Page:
The gender quota which requires larger political parties put forward at least 30% female candidates will not be increased if attempts to form a government fail and another election is called.
By Conor McMorrow of our political staff
As speculation increases that another election may be needed to break the stalemate in forming a government, there has been concern within political parties that the gender quota requirement would increase with a fresh election.
Election 2016 was the first election in which gender quotas were imposed on the major parties and the number of female TDs has now increased from 27 to 35.
The 30% gender quota is due to increase to 40% - but not immediately, as has been feared by the larger parties.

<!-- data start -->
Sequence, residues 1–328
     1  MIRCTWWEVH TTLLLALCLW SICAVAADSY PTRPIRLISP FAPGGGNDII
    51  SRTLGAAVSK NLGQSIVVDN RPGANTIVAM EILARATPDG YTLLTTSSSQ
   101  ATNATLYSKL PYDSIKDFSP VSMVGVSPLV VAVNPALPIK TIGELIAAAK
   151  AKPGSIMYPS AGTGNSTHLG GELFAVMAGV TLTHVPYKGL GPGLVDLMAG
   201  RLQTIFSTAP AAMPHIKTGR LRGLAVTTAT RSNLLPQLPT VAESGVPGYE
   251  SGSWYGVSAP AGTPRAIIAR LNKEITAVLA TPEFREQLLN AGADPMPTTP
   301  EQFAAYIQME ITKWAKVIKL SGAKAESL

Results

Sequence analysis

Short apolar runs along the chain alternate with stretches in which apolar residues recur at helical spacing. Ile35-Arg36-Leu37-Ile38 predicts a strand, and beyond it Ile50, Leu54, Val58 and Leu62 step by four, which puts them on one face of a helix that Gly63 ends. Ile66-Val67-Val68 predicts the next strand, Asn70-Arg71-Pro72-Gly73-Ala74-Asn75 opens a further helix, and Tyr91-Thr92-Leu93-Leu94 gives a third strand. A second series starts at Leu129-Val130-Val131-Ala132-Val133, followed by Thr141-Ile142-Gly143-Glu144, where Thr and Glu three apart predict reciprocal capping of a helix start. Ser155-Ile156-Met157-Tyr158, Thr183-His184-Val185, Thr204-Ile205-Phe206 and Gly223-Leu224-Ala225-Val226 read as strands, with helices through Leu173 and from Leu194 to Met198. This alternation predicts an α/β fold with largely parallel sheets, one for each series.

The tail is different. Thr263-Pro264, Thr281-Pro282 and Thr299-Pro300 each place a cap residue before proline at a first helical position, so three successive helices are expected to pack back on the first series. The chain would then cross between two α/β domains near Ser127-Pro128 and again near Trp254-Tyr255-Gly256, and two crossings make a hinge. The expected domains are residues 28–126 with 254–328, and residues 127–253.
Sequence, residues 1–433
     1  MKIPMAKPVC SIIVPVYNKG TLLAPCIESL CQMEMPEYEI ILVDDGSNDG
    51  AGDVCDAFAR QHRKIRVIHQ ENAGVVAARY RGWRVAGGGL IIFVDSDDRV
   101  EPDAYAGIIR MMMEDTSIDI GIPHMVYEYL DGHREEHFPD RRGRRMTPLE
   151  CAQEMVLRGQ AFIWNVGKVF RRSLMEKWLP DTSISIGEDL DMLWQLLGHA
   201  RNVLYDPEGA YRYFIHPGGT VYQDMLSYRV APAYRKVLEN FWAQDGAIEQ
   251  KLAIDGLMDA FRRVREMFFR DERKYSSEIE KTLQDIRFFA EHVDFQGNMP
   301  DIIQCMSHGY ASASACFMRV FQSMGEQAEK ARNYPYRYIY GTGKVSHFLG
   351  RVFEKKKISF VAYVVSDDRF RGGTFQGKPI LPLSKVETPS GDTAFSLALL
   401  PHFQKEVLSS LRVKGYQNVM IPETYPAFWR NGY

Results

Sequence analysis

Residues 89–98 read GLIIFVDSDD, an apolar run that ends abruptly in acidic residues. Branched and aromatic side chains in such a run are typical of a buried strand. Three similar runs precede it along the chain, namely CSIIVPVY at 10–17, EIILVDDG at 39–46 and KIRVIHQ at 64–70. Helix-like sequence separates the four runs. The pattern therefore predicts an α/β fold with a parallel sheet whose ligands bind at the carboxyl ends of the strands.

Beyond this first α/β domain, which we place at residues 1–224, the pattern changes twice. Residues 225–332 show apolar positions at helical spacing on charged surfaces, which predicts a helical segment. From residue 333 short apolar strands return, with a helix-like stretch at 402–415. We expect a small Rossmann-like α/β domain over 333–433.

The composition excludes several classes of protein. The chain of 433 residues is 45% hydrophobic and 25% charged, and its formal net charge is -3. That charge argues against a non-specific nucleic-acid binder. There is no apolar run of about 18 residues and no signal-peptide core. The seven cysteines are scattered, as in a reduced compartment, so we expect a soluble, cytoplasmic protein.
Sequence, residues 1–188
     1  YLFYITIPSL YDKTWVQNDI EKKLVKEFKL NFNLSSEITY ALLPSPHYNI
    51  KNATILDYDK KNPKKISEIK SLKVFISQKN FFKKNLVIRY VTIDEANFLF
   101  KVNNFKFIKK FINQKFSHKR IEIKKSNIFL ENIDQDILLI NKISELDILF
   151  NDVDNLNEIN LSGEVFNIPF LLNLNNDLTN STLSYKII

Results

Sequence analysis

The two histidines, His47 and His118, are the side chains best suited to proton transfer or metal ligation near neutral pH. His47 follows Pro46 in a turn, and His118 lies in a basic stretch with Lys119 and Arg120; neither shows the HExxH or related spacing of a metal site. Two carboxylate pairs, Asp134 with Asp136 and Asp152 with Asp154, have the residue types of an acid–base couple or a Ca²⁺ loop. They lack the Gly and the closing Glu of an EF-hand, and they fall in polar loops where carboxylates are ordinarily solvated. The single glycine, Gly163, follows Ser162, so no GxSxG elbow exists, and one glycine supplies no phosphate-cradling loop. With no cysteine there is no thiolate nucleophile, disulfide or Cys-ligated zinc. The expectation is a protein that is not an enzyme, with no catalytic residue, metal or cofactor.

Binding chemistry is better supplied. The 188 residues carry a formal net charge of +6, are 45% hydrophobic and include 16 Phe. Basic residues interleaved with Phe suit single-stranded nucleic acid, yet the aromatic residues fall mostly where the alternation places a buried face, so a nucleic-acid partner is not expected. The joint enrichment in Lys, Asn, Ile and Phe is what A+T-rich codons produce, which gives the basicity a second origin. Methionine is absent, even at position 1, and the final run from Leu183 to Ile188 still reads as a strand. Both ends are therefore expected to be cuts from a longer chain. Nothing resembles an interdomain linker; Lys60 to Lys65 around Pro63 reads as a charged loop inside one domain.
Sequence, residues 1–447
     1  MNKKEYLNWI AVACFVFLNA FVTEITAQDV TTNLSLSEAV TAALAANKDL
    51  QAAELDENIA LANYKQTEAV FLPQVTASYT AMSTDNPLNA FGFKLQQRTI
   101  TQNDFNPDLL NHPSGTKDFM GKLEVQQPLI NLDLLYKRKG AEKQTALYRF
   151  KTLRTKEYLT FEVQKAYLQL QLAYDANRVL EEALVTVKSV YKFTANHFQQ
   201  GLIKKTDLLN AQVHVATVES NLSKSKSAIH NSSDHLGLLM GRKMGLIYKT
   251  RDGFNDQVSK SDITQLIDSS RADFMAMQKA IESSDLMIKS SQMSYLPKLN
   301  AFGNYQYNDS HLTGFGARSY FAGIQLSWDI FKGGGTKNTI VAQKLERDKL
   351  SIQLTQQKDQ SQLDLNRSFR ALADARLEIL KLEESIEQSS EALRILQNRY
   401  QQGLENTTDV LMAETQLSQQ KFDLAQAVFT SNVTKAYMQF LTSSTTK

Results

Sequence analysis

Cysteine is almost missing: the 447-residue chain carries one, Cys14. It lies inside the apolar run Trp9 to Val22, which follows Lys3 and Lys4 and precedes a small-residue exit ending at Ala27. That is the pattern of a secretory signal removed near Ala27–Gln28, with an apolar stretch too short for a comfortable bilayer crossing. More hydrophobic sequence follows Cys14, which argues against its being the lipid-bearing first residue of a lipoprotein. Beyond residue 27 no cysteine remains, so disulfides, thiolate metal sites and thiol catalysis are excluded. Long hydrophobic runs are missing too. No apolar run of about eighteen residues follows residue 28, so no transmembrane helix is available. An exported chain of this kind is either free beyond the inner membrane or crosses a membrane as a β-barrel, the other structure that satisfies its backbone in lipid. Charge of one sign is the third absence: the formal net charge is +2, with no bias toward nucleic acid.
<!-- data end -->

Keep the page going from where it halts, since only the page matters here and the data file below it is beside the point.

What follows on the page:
According to the legislation underpinning the quotas - the Electoral (Amendment) Political Funding Act 2012 - from polling day a fortnight ago the 30% quota for selection stays in place until it expires in seven years time and then it increases to 40%.
Suzanne Collins, of the non-partisan Women for Election group, said: "The gender quota for selection will be increased to 40% in seven years and the parties must act now if they are going to reach it.
"The 2016 General Election saw the incredible success of the gender quota for selection where the percentage of women standing doubled and an unprecedented 35 women were elected to Dáil Éireann.
"Given that 16 of the 19 newly elected women were sitting councillors it is evident that local government provides a vital pipeline to national politics.
"Overall 47 of the 52 newly elected TDs were councillors."
She added: "It is essential that the gender quota for selection is extended to local government elections.
"The parties need to act now if this pipeline is to be developed and more women are to be encouraged into national politics."